California’s Oil

It has more than anyone else in the country, but by choosing not to extract it, billions of dollars are sent out yearly to purchase oil, as this article from New Geography cites.

An excerpt.

California is home to the largest crude oil reserves in America, but the States’ choice to not drill for that oil requires in-state manufacturers to “export” billions of dollars annually to oil rich foreign countries to import their oil to meet the state’s energy demands.

The subject of energy for the world’s fifth-largest economy is about finding a workable, sustainable balance across equally important concerns for our economy, our shared sense of social equality, our impact on the environment, and a truly sustainable energy future.

The state’s daily need to support its 145 airports (inclusive of 33 military, 10 major, and more than 100 general aviation) is 13 million gallons a day of aviation fuels. In addition, for the 35 million registered vehicles of which 90 percent are NOT EV’s are consuming DAILY: 10 million gallons a day of diesel and 42 million gallons a day of gasoline.

The USA is now a net exporter of crude oil, with crude oil exports exceeding imports. This oil boom coming from Texas, North Dakota, Pennsylvania, Oklahoma, and Colorado, is beneficial to 49 states, but not to California. The insurmountable condition of no pipelines over the Sierra Nevada Mountains results in California having no easy access to the over- supply of USA crude oil east of the Sierra Nevada Mountains. The American shale boom has important security implications as well, as America is now less dependent on crude oil from the turbulent Middle East, again, except for California.

California is an “energy island” to roughly 40 million citizens, bordered between the Pacific Ocean and the Arizona/Nevada Stateline with no pipelines over the Sierra Nevada Mountains. To access the oil shale boom from the rest of the country for California, that oil must to go through the Panama Canal to reach California ports. There are other options of crude oil by trucks, or by railroads, but both have been overwhelmingly ruled out environmentally.

Additionally, the crude oil is needed in California to support the other “stuff” of chemicals and by-products from crude oil that are the basis of 6,000 products from petroleum that are part of every infrastructure and virtually everything in our daily and leisurely lifestyles.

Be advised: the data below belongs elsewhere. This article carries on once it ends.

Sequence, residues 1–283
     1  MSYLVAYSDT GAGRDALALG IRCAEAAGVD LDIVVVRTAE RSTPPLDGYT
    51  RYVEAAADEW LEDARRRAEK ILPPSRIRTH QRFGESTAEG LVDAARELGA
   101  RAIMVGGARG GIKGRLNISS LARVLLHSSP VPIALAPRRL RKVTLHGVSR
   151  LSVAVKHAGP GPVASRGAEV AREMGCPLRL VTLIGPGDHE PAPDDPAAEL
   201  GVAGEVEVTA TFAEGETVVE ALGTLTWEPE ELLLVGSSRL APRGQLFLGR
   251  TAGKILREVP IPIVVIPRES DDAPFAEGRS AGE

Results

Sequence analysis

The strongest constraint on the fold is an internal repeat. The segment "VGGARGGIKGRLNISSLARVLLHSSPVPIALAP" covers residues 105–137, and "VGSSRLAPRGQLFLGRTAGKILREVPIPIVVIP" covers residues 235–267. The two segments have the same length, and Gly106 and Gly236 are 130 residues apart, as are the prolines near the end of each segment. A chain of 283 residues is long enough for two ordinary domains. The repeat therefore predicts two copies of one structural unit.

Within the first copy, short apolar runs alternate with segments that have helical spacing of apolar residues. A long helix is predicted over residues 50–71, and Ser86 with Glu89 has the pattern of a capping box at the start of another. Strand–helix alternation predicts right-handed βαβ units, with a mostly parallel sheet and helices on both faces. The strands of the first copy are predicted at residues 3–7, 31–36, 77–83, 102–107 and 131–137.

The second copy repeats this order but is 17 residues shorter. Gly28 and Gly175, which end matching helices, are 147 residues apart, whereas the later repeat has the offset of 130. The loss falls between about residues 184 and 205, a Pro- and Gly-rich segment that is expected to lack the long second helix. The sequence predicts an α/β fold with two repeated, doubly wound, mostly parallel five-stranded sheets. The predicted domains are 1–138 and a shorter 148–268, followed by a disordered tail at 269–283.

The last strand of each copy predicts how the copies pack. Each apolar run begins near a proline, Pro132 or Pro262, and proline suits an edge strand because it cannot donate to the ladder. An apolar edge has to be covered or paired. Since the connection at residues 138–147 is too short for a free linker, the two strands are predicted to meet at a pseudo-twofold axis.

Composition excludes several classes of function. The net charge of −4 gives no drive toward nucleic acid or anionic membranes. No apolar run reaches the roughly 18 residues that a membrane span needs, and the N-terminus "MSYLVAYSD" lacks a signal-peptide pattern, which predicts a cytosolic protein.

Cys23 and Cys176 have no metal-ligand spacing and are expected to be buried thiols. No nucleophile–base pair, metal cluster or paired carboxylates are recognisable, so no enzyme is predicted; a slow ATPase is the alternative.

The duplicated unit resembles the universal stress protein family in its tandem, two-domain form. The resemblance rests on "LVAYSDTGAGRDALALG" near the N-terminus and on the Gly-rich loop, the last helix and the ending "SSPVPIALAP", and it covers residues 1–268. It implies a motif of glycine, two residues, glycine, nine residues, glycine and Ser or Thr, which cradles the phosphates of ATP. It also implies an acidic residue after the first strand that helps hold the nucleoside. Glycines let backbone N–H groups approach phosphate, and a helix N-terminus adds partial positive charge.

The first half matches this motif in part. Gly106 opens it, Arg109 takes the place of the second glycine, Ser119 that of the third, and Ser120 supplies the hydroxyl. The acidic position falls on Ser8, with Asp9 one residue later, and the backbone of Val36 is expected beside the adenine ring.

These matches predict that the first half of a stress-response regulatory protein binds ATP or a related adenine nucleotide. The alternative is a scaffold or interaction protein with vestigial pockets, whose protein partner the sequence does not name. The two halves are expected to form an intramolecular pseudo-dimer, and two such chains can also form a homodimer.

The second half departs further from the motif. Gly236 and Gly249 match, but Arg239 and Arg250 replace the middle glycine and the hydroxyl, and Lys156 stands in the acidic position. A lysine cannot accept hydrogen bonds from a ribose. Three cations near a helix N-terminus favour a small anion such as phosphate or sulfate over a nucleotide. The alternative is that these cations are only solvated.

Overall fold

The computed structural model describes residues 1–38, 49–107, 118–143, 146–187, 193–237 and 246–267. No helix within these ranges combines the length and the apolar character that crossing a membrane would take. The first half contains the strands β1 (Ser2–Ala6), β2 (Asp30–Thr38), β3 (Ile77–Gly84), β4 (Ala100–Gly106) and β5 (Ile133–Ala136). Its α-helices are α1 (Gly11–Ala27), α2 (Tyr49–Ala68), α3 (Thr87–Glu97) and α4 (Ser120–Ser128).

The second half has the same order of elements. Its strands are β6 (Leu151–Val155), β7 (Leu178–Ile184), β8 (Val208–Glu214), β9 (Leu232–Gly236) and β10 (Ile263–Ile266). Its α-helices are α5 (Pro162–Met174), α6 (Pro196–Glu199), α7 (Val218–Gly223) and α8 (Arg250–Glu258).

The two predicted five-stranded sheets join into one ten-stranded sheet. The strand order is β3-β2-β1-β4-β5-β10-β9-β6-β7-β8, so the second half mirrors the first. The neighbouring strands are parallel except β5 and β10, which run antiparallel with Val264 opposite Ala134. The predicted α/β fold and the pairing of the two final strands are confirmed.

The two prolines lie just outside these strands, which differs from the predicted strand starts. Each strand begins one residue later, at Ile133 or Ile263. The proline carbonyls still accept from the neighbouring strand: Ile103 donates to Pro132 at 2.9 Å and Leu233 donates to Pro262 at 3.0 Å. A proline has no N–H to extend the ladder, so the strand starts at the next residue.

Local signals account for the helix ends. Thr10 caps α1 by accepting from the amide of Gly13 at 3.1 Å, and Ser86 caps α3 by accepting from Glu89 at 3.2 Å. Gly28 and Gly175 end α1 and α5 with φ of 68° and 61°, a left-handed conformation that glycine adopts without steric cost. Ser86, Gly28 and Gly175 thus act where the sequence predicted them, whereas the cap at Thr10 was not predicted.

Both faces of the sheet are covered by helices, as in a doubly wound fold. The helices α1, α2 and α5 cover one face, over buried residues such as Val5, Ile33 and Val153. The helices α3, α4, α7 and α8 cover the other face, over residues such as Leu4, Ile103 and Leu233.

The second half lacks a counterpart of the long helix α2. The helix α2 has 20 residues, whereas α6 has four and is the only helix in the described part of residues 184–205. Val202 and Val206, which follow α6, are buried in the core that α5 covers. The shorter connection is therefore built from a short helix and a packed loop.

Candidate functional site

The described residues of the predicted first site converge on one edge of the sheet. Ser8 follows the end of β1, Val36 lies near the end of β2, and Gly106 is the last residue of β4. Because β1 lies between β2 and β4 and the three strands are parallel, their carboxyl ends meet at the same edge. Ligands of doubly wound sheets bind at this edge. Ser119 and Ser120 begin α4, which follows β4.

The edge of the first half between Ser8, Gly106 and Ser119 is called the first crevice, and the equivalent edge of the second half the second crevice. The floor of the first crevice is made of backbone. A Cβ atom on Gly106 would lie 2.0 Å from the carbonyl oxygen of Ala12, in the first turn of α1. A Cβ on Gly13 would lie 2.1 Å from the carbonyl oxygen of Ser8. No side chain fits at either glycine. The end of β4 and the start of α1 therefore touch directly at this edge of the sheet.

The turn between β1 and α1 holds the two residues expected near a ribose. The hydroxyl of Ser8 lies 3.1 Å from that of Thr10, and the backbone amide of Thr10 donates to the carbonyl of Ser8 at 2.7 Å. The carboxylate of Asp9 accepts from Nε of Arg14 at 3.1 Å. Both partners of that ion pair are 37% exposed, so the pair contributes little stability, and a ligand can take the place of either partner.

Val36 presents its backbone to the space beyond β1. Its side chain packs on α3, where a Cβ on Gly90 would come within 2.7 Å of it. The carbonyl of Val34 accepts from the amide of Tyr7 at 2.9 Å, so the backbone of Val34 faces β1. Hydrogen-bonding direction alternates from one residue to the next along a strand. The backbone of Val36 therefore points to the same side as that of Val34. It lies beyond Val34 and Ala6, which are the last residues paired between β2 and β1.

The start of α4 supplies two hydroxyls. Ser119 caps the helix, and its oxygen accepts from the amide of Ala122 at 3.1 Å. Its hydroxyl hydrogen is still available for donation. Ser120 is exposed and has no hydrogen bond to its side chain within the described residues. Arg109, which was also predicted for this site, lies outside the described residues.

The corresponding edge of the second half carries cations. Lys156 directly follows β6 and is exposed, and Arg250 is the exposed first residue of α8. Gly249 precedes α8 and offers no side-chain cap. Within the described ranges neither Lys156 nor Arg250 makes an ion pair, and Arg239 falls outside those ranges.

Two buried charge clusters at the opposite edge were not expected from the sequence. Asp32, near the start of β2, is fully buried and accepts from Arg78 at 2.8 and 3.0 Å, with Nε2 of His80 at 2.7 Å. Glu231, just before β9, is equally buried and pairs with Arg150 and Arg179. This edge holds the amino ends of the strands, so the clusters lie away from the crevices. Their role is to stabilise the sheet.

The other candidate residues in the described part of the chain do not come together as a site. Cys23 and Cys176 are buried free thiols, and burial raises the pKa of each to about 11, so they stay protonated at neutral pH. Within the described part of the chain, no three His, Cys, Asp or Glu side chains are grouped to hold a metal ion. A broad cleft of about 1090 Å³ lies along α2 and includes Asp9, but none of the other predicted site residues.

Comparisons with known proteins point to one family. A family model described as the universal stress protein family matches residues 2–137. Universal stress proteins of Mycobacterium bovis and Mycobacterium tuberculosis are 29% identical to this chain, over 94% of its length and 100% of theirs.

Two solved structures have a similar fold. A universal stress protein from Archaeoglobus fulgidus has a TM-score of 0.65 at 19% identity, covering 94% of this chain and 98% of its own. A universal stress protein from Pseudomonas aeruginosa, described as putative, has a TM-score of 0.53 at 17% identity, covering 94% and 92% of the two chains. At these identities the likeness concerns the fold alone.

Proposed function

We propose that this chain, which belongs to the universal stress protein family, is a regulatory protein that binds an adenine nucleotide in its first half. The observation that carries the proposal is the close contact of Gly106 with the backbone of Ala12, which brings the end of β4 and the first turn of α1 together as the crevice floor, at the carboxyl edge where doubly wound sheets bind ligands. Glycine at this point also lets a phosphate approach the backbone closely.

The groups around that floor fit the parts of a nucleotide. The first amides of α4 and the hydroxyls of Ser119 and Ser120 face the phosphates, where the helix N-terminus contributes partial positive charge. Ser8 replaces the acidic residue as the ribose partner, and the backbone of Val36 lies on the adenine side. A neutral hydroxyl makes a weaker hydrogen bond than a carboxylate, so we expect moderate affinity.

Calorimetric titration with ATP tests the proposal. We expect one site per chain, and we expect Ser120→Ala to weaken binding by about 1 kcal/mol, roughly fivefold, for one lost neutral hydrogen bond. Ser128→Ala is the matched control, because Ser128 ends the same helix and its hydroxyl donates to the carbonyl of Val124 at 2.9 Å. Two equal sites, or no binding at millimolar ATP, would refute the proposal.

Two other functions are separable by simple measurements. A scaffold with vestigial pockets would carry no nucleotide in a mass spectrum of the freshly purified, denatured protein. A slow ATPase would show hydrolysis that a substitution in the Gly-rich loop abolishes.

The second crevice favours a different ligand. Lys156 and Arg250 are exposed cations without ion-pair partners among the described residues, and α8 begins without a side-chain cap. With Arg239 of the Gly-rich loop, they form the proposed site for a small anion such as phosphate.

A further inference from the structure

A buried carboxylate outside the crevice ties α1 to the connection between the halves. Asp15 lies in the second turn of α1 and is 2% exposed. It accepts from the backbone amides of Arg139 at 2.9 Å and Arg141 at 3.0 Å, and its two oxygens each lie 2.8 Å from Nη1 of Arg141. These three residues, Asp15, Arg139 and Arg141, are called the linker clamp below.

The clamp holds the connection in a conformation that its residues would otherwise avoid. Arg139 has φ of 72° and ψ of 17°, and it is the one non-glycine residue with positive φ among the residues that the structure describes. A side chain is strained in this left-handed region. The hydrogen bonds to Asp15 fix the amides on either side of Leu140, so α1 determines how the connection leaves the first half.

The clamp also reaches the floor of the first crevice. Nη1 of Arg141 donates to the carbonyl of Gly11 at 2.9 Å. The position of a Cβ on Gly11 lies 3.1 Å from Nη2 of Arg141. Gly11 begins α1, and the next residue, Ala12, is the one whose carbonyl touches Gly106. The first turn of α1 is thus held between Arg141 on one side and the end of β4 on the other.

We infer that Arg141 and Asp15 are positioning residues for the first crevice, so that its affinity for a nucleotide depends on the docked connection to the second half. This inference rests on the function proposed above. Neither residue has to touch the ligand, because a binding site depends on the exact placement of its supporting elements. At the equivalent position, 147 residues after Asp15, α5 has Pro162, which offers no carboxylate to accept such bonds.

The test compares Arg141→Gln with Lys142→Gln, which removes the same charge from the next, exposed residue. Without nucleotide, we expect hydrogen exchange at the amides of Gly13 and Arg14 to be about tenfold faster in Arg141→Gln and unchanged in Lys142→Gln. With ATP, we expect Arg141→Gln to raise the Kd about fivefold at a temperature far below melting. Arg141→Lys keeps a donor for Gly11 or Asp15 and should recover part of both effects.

Many in California are working hard to produce hydrocarbon energy efficiently, reliably, and safely, and many others are working hard to develop alternative energy sources that will efficiently, reliably, and safely produce carbon neutral energy, but despite those appreciative efforts, our energy needs continue to grow with the growing populations of people, vehicles, and businesses.

Both California’s in-state oil production, and Alaskan oil imports are both in-decline to meet the States’ energy needs. Shockingly, California increased crude oil imports from foreign countries from 5% in 1992 to 56% in 2017.

In 2017, California imported crude oil from foreign countries at the rate of 354,119,000 barrels annually from oil rich foreign countries, costing California more than $26.6 billion annually at the Brent Average Crude Oil Spot Price which was recently $75.36 per barrel for September 2018. . This equates to “exporting” more than $73,000,000 per day on a daily basis from California to Saudi Arabia, Ecuador, Columbia, Iraq, Kuwait, Brazil, and Mexico and others for the crude oil energy needs of California.

The latest data from the California Energy Commission (CEC), shows that California fuel consumption is at the highest level since 2009, thus continuation of the state’s dependency on foreign countries for the states’ energy needs seems to be the states future.

Retrieved November 6, 2018 from http://www.newgeography.com/content/006133-california-supports-foreign-big-oil

 

About David H Lukenbill

I am a native of Sacramento, as are my wife and daughter. I am a consultant to nonprofit organizations, and have a Bachelor of Science degree in Organizational Behavior and a Master of Public Administration degree, both from the University of San Francisco. We live along the American River with two cats and all the wild critters we can feed. I am the founding president of the American River Parkway Preservation Society and currently serve as the CFO and Senior Policy Director. I also volunteer as the President of The Lampstand Foundation, a nonprofit organization I founded in 2003.
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